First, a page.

Nonetheless, even though there aren’t many innovations in the staging here, there is much that is fresh and stimulating in barebones production’s interpretation of the play, partly due to the intelligence and insight of its leading actors, and partly due to the cultural moment in which we now live. Let me start with that second thought first. The play’s central male character viciously beats his wife, and she comes back to him. I can’t tell you what audiences in 1947 might have thought or understood about that; I wasn’t there. But in 2014, with a spate of recent high profile domestic violence incidents, there’s enough cultural awareness to recognize Stella’s enthrallment to Stanley as a symptom of abuse, and not (merely) as a response to his sexual charisma. Blanche’s dismay at Stella’s return to Stanley, then, comes across not so much as a prudish uptightness (as it tends to in the film) as a legitimate distress over her sister’s situation. This new light is cast on the play mainly by our shift in perspective – there’s nothing I can point to on stage that specifically calls attention to our current thinking about domestic abuse, other than perhaps the fact that Patrick Jordan’s Stanley seems less to feel remorse over having hurt his wife than to feel frantic over the possible loss of his prized possession. But one thing the production does do, in relation to contemporary understandings of gender violence, is complicate the moment in which Stanley takes Blanche (Tami Dixon) by force in the penultimate scene. In a very modern twist on what constitutes rape, Blanche seems, for a moment, to respond to his overture, but it’s clear from her subsequent struggle that he does not have her positive consent. That she is then not believed when she later tells Stella (Jenna C. Johnson) what Stanley has done – and is silenced by being shunted off to an insane asylum – only allows the play’s ending to shine an even brighter light on the historical sedimentation of rape culture.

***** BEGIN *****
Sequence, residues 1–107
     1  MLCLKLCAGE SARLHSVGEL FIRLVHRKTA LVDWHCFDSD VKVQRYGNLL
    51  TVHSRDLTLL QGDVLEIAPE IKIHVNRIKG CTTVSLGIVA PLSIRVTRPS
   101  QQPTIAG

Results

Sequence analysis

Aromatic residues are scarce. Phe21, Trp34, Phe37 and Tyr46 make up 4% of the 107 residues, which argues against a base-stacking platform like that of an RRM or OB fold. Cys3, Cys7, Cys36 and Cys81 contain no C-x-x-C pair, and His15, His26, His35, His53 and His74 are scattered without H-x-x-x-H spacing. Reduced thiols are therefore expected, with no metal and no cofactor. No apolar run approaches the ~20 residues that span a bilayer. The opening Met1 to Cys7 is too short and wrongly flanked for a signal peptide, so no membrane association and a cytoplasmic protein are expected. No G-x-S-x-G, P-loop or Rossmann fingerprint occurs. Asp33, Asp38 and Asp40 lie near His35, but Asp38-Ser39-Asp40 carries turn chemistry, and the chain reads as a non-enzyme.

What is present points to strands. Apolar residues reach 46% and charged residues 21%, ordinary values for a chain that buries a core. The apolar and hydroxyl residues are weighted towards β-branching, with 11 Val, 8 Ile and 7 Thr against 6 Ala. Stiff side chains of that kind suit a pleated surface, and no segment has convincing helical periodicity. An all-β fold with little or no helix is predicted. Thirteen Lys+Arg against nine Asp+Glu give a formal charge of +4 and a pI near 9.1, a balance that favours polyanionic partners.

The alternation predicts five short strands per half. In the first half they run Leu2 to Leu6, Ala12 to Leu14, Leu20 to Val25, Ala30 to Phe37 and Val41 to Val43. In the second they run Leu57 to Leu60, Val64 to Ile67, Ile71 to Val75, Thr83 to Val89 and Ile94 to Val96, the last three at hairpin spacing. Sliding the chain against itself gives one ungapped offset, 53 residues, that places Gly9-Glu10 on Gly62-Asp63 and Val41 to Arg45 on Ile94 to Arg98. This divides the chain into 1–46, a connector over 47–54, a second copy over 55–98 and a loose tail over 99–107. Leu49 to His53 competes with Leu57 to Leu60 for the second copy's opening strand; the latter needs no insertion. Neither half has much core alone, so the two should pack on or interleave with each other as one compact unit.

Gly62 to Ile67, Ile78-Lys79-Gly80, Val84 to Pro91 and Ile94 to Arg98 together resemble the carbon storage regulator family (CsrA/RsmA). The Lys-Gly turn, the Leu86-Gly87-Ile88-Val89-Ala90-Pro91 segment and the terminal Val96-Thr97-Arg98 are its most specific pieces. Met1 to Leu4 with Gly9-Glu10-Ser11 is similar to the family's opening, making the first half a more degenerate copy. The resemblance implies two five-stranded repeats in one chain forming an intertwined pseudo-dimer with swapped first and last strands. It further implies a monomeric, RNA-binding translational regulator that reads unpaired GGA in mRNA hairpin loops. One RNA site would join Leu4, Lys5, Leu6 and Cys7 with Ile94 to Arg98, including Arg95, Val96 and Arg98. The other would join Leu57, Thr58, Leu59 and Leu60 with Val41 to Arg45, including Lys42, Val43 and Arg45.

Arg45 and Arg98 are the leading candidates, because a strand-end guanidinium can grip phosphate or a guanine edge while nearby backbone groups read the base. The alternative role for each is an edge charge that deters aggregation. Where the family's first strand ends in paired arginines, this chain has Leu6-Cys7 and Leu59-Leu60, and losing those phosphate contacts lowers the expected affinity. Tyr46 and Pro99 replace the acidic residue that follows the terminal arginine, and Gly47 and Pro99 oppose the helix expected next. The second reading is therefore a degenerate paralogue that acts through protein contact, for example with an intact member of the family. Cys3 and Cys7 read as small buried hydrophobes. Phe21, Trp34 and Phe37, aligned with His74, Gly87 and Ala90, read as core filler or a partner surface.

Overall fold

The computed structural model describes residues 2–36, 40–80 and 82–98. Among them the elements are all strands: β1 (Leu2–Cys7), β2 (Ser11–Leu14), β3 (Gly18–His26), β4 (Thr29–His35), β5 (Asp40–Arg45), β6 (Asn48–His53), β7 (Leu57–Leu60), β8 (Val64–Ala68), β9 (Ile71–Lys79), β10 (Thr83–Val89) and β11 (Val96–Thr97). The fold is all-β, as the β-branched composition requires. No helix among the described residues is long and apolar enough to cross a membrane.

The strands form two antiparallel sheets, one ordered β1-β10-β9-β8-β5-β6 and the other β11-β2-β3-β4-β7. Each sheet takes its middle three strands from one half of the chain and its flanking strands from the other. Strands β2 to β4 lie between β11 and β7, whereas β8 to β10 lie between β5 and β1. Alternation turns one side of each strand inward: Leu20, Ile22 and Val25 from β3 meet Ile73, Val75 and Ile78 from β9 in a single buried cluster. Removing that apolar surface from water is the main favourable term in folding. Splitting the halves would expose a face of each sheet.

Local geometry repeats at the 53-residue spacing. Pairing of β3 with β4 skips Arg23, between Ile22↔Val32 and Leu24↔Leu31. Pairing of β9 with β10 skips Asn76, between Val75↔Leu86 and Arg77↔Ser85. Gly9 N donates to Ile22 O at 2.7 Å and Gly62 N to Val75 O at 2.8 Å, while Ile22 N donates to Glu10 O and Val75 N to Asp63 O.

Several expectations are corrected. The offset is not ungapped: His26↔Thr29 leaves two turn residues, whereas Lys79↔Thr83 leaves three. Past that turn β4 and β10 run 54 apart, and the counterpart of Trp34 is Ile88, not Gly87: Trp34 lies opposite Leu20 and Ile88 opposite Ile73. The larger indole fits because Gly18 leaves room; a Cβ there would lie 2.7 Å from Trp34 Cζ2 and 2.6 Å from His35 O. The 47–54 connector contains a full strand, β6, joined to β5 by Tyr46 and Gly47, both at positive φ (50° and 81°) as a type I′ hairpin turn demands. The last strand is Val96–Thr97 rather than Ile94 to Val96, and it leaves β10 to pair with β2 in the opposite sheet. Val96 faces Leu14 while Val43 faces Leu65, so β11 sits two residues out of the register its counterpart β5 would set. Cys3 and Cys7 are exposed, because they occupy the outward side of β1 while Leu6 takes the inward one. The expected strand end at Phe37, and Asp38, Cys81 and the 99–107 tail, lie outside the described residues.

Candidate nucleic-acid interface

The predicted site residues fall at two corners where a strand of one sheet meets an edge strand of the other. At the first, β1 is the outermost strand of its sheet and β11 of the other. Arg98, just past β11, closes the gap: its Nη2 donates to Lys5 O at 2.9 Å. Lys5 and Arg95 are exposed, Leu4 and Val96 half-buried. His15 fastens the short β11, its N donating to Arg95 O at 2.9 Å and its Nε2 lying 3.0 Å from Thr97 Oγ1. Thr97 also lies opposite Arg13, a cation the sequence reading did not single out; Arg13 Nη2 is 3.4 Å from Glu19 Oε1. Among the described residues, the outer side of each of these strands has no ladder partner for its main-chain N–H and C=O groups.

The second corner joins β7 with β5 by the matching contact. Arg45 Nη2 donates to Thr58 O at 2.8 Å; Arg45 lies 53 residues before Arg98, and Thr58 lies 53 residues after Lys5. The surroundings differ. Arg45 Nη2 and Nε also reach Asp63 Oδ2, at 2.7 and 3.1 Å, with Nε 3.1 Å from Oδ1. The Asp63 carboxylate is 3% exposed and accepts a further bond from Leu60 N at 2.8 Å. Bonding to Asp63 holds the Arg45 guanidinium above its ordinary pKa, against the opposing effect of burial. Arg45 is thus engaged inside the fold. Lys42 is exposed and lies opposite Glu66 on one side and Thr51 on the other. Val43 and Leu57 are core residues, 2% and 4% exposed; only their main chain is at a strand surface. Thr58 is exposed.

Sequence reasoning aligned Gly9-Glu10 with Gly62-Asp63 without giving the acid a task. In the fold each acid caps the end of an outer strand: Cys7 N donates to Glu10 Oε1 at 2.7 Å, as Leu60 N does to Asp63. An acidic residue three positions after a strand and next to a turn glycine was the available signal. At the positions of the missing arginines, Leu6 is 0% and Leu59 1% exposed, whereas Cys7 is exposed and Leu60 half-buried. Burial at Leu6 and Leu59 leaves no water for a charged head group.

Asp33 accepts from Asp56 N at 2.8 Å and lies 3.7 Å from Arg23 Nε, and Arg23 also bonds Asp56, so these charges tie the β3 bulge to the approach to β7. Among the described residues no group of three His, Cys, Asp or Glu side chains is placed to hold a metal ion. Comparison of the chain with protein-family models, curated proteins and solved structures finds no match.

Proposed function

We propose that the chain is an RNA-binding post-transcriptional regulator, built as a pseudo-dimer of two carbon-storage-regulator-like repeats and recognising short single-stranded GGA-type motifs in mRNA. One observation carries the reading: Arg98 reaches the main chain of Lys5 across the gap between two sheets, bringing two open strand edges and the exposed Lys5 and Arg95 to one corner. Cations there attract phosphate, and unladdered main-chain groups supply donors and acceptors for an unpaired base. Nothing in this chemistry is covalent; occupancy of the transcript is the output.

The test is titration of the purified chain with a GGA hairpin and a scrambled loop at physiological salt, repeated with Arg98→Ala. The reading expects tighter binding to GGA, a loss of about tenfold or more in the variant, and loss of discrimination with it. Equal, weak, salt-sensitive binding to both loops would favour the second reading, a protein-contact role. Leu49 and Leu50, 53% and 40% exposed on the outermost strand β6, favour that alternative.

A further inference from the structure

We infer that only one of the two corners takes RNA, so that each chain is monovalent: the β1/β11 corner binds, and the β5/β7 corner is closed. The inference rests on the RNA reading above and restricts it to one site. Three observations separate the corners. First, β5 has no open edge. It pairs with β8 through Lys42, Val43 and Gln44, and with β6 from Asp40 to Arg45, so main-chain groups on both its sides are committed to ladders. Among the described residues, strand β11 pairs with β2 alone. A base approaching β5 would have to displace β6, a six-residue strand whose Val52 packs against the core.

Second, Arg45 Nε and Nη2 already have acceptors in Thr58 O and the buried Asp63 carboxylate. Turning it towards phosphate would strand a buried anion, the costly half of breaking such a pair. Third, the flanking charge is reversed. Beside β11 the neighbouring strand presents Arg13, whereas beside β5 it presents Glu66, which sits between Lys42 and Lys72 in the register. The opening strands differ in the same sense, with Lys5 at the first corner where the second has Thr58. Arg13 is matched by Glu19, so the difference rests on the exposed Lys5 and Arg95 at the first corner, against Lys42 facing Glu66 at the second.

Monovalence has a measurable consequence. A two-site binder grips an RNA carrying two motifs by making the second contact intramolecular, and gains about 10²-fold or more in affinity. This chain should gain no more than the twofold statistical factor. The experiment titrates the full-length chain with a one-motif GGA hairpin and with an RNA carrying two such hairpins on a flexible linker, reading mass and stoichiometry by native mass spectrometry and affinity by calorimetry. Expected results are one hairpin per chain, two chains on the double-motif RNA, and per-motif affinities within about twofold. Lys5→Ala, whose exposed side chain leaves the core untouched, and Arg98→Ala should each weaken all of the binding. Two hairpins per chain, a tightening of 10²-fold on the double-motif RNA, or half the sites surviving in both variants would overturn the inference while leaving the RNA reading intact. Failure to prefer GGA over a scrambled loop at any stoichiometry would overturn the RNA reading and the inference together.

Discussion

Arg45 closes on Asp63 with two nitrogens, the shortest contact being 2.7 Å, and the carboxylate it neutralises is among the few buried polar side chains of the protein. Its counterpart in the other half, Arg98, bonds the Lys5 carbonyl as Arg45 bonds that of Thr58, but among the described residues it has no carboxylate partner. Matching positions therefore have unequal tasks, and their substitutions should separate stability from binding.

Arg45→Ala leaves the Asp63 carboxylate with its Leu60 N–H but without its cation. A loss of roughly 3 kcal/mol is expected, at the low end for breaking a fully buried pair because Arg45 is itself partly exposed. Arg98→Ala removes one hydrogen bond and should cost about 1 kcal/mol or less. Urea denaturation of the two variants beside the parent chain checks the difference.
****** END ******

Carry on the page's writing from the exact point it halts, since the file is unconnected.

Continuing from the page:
Moreover, the way our current cultural moment frames this play’s depiction of gender violence made me realize how much Williams’s play stands as an exploration of the limits and contours of masculinity (despite the fact that here, as always, the central figure of interest is Blanche. I’ll get to her in a bit, I promise!). Williams exposes, on the one hand – in Stanley, in particular – the extent to which normative, “successful” masculinity seems predicated on cleaving off anything associated with femininity, so that all that’s left is the action-oriented, aggressive, anger-fueled “animal” that so disgusts the (putatively) refined and sensitive Blanche. But as brutish as he may be, Stanley’s perfection of alpha male behavior works to his advantage in Williams’s bipolar gender world: even the other men in the play defer to him and scramble to smooth his ruffled feathers. (It’s as if Williams was as fascinated, and puzzled, by the appeal and charisma of the alpha male as most women are.) Jordan plays this up: there’s not much of a soft side to his Stanley, and even when he embraces Stella it feels a bit menacing and possessive. But the play also offers alternative models of masculine identity, in the examples of Blanche’s first husband (the homosexual Alan) and Mitch (sensitively played by Jeff Carpenter), her suitor, whose status as a caretaker for a dying mother at home aligns him with traditionally “feminine” qualities like nurturing. In his capacity for empathy and caring, Mitch actually has more to offer a woman than the emotionally illiterate Stanley, yet in the end, it’s Stanley who is the reproductive winner. Carpenter’s interpretation of Mitch underscores the extent to which Mitch is fueled by a quiet desperation that matches, if not exceeds, Blanche’s more overt neediness. At play’s end, we may feel more for Mitch’s loss than for Stella’s (or Blanche’s); such is the powerful and confused yearning Carpenter infuses into the role.